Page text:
Firefighters with the volunteer Lisbon-Seward Fire Protection District are pleading their case before their board of trustees to accept some donated equipment and vehicles, as well as some additional training that they say will help retain volunteers and possibly grow their ranks.
The district covers about 65 square miles, including most of Lisbon Township and portions of Big Grove, Na-Au-Say, and Seward townships. The district has two stations – one in Plattville and another in Lisbon – and two fire chiefs in Tim Wallace and Patrick Pope.
The district is overseen by a three-member board of trustees – Jim Horton, Tom Fletcher and Scott Steffes.
Wallace and Pope, along with the fire department membership, presented a proposal to the board at the August meeting.
“In order for the department to move forward in a positive direction, the officers and firefighters of Company 1 and Company 2 are proposing the following to the board of trustees,” the proposal read. “1. declare Engines 225, 226, and 227 as surplus; 2. Upon making necessary repairs, Engine 220 will be placed in reserve status as the back-up engine for the district; 3. Accept a $20,000 donation from Company 1 and Company 2 towards an updated frontline rescue engine for Station 1 (Lisbon); 4. Accept the donation of a refurbished 55-foot snorkel with current pump test and aerial certification.”
The proposal continued, “The members feel that with the acceptance of the above, the district will be able to ensure the successful completion of the following objectives: 1. Replace aging equipment dating back to the 1960s; 2. Provide a higher level of service to those we volunteer to serve; Retain members; 4. Recruit new members; 5. Increase our level of training; 6. Restore morale.”
The board is expected to discuss the proposal at its next meeting, scheduled for 7:30 p.m. Tuesday, Sept. 18, at the Lisbon fire station at 104 S. Canal St.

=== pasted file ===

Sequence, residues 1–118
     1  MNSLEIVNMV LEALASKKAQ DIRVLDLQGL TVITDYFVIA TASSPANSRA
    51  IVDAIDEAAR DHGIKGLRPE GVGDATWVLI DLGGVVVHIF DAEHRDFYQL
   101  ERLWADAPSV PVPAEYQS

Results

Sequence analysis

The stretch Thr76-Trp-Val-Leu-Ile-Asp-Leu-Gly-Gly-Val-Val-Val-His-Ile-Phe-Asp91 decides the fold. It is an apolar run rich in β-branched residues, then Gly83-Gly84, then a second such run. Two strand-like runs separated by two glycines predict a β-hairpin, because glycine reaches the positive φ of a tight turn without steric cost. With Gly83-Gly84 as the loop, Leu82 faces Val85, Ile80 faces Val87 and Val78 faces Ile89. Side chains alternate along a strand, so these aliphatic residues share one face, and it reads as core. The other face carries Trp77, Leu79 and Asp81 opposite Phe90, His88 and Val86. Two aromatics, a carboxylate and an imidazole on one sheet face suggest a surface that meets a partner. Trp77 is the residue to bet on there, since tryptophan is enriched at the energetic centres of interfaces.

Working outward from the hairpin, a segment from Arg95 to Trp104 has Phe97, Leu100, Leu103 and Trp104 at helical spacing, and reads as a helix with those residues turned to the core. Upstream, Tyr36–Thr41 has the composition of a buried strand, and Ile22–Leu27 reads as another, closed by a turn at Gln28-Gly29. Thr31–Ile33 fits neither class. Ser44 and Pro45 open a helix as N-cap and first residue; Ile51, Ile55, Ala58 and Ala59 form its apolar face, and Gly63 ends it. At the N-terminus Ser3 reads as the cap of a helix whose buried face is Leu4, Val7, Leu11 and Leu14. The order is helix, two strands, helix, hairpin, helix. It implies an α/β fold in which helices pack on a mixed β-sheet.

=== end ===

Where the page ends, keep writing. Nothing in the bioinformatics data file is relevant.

Wallace said the proposal is trying to address the issue of aging vehicles and retaining volunteers on a department that, like so many across the country, is having a challenging time hanging on to members.
“The volunteer fire department is changing, not just here but nationwide,” he said. “What we’re trying to do is overcome that and keep people’s interest. So we presented this proposal to the trustees so we can keep this district going, like it has been but in a better fashion, which is in the end going to be better for the residents and the firefighters.”
Wallace, who owns his own business, said it used to be that volunteers easily could leave their jobs to go on a call. But those days are over, he said.
“The employers aren’t too keen about that anymore,” Wallace said. “So we’re relying on just who’s in the area.”
Pope, who works full-time at John Deere, said his chief duties are done on lunch breaks and during the evenings and weekends.
phone calls during lunch breaks and stuff like that,” he said.
Wallace said that even though it’s technically a part-time job, being chief is “almost like a full-time job, just because of what’s required.”
Pope, who has been with the department for 17 years, said he empathized with the trustees trying to stay within budget, but that the firefighters want the equipment to get the job done right.